FREEZE FRAMES

CLEAN AND SOBER - Sinking into a pit of drug and alcohol dependency, but quick to deny he's got a problem, a fast-living yuppie named Daryl checks into an addiction clinic as a way of dodging some people he wants to avoid. There he finds himself on the road to recovery almost in spite of himself, helped by a streetwise counselor and some other folks he never would have met in different circumstances. The film crackles with dramatic power as it traces the early stages of Daryl's improvement, and the screenplay shows unusual intelligence by refusing to oversimplify the difficulties he confronts. In the cast, Michael Keaton sizzles with skill and energy in his first serious role, backed by such first-rate actors as Morgan Freeman, Kathy Baker, and M.Emmet Walsh. With so much going for the movie, it's too bad the action bogs down in the clinic scenes after a while, then comes to a dead stop in a too-long love story. Glenn Gordon Caron was the director. (Rated R) LATE SUMMER BLUES - Set in the summer of 1970, this Israeli production follows the experiences of several young men about to be drafted into the Army. The film has little cinematic excitement, but its portraits of young people are carefully and intelligently crafted. Directed by Renen Schorr. (Not rated) A SUMMER STORY - An aging man recalls a love affair of his youth, and we have to sit through every minute of it. Gorgeously photographed by Kenneth MacMillan, but listlessly directed by Piers Haggard. Penelope Mortimer wrote the dreary screenplay, based on a John Galsworthy story. (Rated PG-13) TUCKER: THE MAN AND HIS DREAM - Based on real events, this is the saga of Preston Tucker, who started a safety-minded car company in the 1940s and was immediately driven out of business by the Big Three auto manufacturers. The story could have been a downer, full of cynicism about the American way of business. But the filmmakers turn it into a cheerful celebration of Yankee know-how and better-mousetrap ingenuity, tempering their social criticism with unfailing humor and compassion. The result is an exhilarating twist on ``Citizen Kane,'' bursting with visual ideas and acted with nonstop enthusiasm by a terrific cast. A cruise in a Tucker couldn't be more smooth, cozy, and invigorating than this joy ride down an overlooked byway of the American past. A few bursts of vulgar language will nudge it out of the family-viewing category for some, though. Directed by Francis Ford Coppola from a screenplay by Arnold Schulman and David Seidler. (Rated PG-13) YOUNG GUNS - Billy the Kid and other whippersnappers avenge the killing of their best friend, a transplanted Briton who wanted to give them a dose of Old World culture. Like other attempts to revive the western genre, such as ``Silverado'' and ``Pale Rider,'' this one seems ill-destined from the start. Emilio Estevez, Lou Diamond Phillips, and Kiefer Sutherland head the mostly wasted cast. Christopher Cain was the director. The polite word for his kind of filmmaking is ``classical.'' Another word is ``trite.'' (Rated R)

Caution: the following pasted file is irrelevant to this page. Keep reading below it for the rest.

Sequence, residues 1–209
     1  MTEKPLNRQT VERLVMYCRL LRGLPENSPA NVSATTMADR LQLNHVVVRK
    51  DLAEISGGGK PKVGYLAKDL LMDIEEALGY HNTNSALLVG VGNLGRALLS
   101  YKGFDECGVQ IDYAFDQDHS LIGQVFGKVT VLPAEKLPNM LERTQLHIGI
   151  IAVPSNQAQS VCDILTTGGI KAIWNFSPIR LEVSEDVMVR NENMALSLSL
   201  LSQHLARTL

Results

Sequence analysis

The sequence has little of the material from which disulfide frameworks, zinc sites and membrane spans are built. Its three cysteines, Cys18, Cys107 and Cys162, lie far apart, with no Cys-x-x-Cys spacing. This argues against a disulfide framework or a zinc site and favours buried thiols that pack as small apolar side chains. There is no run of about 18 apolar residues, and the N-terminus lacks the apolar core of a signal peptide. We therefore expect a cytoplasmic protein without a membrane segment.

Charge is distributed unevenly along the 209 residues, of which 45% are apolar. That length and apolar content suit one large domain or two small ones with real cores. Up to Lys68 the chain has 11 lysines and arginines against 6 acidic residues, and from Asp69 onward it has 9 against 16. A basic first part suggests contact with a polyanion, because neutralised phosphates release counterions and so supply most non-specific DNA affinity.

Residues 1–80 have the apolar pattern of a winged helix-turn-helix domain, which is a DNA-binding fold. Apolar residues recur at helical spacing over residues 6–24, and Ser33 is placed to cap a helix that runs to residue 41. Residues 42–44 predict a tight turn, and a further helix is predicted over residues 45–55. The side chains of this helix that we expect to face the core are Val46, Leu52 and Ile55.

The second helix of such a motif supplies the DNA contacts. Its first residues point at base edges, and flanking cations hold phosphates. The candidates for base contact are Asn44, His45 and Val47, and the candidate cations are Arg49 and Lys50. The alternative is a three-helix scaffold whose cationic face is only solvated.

RATINGS: Films with ratings other than G may contain varying degrees of vulgar language, nudity, sex, and violence.

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